On appeal, the findings of an Orphans' Court judge who hears testimony without a jury are entitled to the weight of a jury verdict. In re: Masciantonio's Estate, 396 Pa. 16, 151 A.2d 99 (1959). This rule is particularly

[ 321 Pa. Super. Page 520]

    applicable "to findings of fact which are predicated upon the credibility of the witnesses, whom the judge has had the opportunity to hear and observe, and upon the weight given to their testimony." Herwood v. Herwood, 461 Pa. 322, 336 A.2d 306 (1975). In reviewing the Orphans' Court's findings, our task is to ensure that the record is free from legal error and to determine if the Orphans' Court's findings are supported by competent and adequate evidence and are not predicated upon capricious disbelief of competent and credible evidence. In re: Estate of Damario, 488 Pa. 434, 412 A.2d 842 (1980). However, we are not limited when we review the legal conclusions that Orphans' Court has derived from those facts. In re: Ischy Trust, 490 Pa. 71, 415 A.2d 37 (1980).

We turn now to consider the arguments of appellants and the evidence as to each of the separate transactions when the decedent added appellee's name to her bank accounts.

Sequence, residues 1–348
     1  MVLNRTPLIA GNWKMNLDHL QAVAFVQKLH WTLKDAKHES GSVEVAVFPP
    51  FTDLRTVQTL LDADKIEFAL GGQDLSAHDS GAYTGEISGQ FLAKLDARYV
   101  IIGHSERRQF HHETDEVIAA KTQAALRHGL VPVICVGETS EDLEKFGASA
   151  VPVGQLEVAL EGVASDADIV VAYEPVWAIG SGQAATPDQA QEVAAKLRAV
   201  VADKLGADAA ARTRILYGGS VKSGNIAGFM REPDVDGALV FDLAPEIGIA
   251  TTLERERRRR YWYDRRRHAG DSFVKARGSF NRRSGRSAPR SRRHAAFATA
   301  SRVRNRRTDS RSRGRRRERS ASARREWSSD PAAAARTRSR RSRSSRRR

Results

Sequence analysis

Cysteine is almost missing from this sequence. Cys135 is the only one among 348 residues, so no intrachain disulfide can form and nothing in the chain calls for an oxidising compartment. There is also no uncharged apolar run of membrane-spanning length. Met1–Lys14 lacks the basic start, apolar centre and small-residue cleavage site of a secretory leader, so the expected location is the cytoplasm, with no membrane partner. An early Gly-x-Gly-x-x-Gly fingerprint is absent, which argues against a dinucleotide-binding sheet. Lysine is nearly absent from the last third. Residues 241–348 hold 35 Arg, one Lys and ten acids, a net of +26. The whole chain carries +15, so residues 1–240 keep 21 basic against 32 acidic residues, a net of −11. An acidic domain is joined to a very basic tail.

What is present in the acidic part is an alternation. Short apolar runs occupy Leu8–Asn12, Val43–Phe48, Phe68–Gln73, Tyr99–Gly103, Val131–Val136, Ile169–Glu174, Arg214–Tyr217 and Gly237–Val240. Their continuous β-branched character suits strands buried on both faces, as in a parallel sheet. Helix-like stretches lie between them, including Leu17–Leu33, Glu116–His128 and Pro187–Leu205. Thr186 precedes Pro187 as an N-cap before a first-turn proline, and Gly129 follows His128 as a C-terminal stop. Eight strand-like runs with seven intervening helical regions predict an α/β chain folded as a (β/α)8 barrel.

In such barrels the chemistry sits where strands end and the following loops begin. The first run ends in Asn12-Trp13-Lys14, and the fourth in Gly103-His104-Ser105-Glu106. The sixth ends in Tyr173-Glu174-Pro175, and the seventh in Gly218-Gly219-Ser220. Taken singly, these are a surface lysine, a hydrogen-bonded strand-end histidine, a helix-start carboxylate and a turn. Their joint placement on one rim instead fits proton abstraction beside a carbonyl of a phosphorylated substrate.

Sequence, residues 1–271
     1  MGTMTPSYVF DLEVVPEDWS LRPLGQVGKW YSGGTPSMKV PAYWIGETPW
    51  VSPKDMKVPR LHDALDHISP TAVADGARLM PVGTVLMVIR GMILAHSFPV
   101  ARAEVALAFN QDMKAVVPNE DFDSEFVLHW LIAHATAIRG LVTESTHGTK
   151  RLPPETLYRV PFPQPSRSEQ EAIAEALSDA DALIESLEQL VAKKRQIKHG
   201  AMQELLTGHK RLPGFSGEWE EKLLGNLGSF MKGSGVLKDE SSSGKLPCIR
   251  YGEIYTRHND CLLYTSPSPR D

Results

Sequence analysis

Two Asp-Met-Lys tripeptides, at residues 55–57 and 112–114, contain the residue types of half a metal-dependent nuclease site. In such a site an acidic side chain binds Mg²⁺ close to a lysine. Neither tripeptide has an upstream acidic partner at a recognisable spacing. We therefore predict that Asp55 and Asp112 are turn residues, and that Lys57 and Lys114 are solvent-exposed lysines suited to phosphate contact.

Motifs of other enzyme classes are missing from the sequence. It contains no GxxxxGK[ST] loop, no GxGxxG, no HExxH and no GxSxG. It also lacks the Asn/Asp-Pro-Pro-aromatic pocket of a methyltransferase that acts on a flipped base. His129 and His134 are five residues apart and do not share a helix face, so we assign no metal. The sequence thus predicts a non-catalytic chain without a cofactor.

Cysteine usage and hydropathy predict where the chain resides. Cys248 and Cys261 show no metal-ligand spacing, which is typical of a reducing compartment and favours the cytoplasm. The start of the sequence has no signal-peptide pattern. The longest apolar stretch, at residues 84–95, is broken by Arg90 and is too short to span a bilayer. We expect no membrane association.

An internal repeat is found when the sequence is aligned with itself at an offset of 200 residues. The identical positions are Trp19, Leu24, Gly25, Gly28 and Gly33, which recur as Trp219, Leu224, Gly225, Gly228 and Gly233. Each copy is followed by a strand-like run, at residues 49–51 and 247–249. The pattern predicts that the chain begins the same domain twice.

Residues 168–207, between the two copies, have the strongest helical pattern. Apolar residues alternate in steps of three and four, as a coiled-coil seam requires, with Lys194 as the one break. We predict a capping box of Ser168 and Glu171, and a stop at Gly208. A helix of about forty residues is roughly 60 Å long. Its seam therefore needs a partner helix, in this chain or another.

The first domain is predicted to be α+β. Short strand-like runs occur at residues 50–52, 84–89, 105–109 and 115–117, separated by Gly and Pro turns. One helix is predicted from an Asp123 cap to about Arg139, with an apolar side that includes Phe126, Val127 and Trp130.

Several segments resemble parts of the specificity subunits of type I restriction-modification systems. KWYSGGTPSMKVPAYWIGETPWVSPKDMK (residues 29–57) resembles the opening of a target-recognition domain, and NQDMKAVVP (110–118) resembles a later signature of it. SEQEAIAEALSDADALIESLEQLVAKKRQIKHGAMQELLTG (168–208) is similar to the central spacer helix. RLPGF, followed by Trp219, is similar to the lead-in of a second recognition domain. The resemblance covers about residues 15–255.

August 31st Transaction

In Pennsylvania the ownership of funds held in a joint account is governed by statute. See 20 Pa.C.S.A. § 6301 et seq. The Decedents, Estates, and Fiduciaries Code provides that:

(a) Joint account. -- Any sum remaining on deposit at the death of a party to a joint account belongs to the surviving party or parties as against the estate of the decedent unless there is clear and convincing evidence of a different intent at the time the account is created . . . .

20 Pa.C.S.A. § 6304(a). The Official Advisory Comment to this section states that the effect of this provision is to make a joint account "a survivorship arrangement unless clear and convincing evidence of a different contention is offered." The comment indicates that this section presumes "that most persons who use joint accounts want the survivor . . . to have all balances remaining at death."

Consistent with Section 6304(a), appellants argue that the evidence as to the August 31st transaction clearly and convincingly established that decedent did not intend a

[ 321 Pa. Super. Page 521]

    survivorship arrangement. Our review of the evidence reveals the following.